Black could have grabbed back a pawn via 20...Nxe3 21. Kxe3 Rc4 22.Rbd1 Rd8, but after 23.Kf2 Rxd4 24.Rhe1 White's position is at least no worse. Well, it is not for the sake of quiet equality that Dubov embarked on all this!
White decides to give up an exchange, hoping to consolidate and get a small edge afterward. White should have switched to tactical ideas – 22.Ne4!, intending 22…Rxb2 23.Nc5! Qc8 24.Qd3 Nxe3 25.Nxa6 Rxb1 26.Rxb1 Rxb1 27.Qxb1 – and White is slightly better in the endgame, but a draw is the most likely outcome. Alternatively, Black has 22...Qd5, upon which White can force a repetition via 23.Nc3 (23.Nc5? Nxe3 24.Kxe3 e5! is not good) 23...Qd7 24.Ne4, etc.
22...Na3 23.Qd2 Nxb1 24.Rxb1 Rd8 25.Ne4 Rb5 26.Rc1 e5
After 27.Nc5, White must have disliked 27...Qh3!? 28. Kg1 Rb6, with a double-edged play. But here is an interesting tactical solution: 27.Bg5!, after which 27...f6? fails to 28.Bxf6. After 27…Qxd4 28.Qxd4 Rxd4 29.Rxc7 h6 30.Be3 Black seems to need to bail out already: 30…Rxe4!? 31.fxe4 a4, with a drawn opposite-colored ending. An attempt to keep the game open to any result – 27...Ra8!? 28. dxe5 Qh3 29.Kg1 Rxe5, but here white's pieces are clearly better stationed than in the game.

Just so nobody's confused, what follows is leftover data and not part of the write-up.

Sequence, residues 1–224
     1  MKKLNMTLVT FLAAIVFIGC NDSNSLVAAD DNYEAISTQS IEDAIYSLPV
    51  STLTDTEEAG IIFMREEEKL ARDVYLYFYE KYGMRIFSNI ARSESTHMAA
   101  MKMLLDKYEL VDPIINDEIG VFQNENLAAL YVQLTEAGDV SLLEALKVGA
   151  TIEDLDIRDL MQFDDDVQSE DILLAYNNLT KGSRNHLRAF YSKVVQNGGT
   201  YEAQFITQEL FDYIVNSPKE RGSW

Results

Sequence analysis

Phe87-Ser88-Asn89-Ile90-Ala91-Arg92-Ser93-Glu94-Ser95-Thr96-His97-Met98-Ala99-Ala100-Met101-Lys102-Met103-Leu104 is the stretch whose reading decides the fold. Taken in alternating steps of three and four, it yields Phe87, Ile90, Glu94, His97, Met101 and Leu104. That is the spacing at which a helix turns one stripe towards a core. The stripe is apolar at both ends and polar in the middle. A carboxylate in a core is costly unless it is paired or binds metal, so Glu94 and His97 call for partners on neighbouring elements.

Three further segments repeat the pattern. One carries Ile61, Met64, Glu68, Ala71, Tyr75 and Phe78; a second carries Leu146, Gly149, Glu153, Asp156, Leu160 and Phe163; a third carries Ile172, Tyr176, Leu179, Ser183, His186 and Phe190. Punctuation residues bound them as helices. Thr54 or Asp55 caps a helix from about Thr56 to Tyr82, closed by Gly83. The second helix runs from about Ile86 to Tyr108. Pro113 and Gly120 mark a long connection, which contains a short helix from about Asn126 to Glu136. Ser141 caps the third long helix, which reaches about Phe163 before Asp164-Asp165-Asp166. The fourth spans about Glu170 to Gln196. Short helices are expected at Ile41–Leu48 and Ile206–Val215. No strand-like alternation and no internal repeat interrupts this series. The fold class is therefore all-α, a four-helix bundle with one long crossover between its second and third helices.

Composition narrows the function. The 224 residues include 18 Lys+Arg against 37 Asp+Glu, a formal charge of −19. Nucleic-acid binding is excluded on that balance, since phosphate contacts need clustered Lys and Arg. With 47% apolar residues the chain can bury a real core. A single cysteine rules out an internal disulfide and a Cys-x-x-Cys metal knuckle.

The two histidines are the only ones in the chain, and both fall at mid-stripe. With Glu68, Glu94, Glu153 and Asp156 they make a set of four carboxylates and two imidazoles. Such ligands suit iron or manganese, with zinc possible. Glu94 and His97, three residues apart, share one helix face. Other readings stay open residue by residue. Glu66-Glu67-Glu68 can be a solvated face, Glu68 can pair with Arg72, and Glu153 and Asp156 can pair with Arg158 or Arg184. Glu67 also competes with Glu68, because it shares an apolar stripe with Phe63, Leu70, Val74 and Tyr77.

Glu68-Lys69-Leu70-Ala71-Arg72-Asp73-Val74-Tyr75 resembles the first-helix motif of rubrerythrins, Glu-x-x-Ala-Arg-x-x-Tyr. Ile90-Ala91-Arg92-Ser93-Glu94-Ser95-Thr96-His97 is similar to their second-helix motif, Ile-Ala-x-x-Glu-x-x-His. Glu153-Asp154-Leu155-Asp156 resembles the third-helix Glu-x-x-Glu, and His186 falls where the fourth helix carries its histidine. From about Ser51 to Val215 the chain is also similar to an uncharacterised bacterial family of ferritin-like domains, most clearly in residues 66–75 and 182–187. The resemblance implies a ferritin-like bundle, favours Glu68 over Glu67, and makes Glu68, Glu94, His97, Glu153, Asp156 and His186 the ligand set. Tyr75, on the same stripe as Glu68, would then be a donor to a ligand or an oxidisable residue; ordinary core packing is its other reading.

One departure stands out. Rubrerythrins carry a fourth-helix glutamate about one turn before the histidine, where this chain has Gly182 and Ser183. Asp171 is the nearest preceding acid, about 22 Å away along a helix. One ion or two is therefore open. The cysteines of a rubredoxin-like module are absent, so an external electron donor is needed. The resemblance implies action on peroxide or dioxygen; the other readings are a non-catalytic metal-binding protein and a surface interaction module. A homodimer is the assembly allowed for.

This strong "intermezzo" must have dropped out of White's radar. He was most likely anticipating 27...Qxd2 28. Bxd2 Rxe5 29.Bf4 with a comfortable position.
This is clearly not the way to go. 29.Kg1 is correct, which might have been followed up with 29…Rxe5 30.Bf4 Re7 31.g4 (31.Nf2!? Qe6 32.e4) 31...Bb7 32.Nf2 Qh4 – the initiative belongs to Black, but there is much fight ahead yet.
29...Rxe5 30.Qxc7 Rde8 31.Bf4
31.Bd4 R5e6 changes nothing.
31...R5e7 32.Qxa5 Bxe2! 33.Ng5 (33.Kxe2 Qg2+) 33...Qd7 34.Re1 Qd4+ 35.Kg2 h6 White resigned.
In the women's championship, the vital match between the reigning champion KMAO-Ugra vs. St. Petersburg ended in a 2:2 draw in round three.
Bodnaruk (SShOR ShSh) – Pogonina (Ugra)
Ruy Lopez C92
1.e4 e5 2.Nf3 Nc6 3.Bb5 a6 4.Ba4 Nf6 5.0–0 Be7 6.Re1 b5 7.Bb3 d6 8.c3 0–0 9.h3 Re8 10.d4 Bb7 11.Nbd2 Bf8 12.d5 Nb8 13.Nf1 Nbd7 14.N3h2 c6 15.Ng4
A somewhat overcomplicated plan: White spends much time to force the trade of knights at the cost of her queenside development.